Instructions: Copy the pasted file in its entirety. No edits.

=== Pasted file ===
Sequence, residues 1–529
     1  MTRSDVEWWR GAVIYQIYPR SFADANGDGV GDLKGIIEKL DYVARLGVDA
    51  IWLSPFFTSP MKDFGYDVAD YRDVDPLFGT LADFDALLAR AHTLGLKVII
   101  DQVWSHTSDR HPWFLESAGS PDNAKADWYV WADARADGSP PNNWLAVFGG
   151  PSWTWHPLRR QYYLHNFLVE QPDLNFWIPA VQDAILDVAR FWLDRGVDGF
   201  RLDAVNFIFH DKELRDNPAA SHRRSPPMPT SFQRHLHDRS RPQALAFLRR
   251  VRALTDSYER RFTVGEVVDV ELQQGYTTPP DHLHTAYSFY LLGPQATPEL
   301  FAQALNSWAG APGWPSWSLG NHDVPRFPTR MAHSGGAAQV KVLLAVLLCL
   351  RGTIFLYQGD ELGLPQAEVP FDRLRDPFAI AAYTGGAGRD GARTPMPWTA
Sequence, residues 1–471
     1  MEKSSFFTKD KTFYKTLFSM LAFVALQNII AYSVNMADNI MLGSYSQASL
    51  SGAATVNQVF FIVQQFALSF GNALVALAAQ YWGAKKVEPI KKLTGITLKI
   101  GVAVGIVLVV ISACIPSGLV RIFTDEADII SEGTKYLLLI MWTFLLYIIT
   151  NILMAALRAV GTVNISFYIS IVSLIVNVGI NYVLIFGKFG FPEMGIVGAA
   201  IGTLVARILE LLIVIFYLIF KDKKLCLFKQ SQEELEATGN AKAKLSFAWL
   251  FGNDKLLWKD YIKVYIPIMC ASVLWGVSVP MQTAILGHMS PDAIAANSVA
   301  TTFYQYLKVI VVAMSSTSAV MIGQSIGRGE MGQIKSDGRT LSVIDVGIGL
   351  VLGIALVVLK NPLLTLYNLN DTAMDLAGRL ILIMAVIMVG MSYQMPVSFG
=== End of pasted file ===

Sequence, residues 1–529
     1  MTRSDVEWWR GAVIYQIYPR SFADANGDGV GDLKGIIEKL DYVARLGVDA
    51  IWLSPFFTSP MKDFGYDVAD YRDVDPLFGT LADFDALLAR AHTLGLKVII
   101  DQVWSHTSDR HPWFLESAGS PDNAKADWYV WADARADGSP PNNWLAVFGG
   151  PSWTWHPLRR QYYLHNFLVE QPDLNFWIPA VQDAILDVAR FWLDRGVDGF
   201  RLDAVNFIFH DKELRDNPAA SHRRSPPMPT SFQRHLHDRS RPQALAFLRR
   251  VRALTDSYER RFTVGEVVDV ELQQGYTTPP DHLHTAYSFY LLGPQATPEL
   301  FAQALNSWAG APGWPSWSLG NHDVPRFPTR MAHSGGAAQV KVLLAVLLCL
   351  RGTIFLYQGD ELGLPQAEVP FDRLRDPFAI AAYTGGAGRD GARTPMPWTA
Sequence, residues 1–471
     1  MEKSSFFTKD KTFYKTLFSM LAFVALQNII AYSVNMADNI MLGSYSQASL
    51  SGAATVNQVF FIVQQFALSF GNALVALAAQ YWGAKKVEPI KKLTGITLKI
   101  GVAVGIVLVV ISACIPSGLV RIFTDEADII SEGTKYLLLI MWTFLLYIIT
   151  NILMAALRAV GTVNISFYIS IVSLIVNVGI NYVLIFGKFG FPEMGIVGAA
   201  IGTLVARILE LLIVIFYLIF KDKKLCLFKQ SQEELEATGN AKAKLSFAWL
   251  FGNDKLLWKD YIKVYIPIMC ASVLWGVSVP MQTAILGHMS PDAIAANSVA
   301  TTFYQYLKVI VVAMSSTSAV MIGQSIGRGE MGQIKSDGRT LSVIDVGIGL
   351  VLGIALVVLK NPLLTLYNLN DTAMDLAGRL ILIMAVIMVG MSYQMPVSFG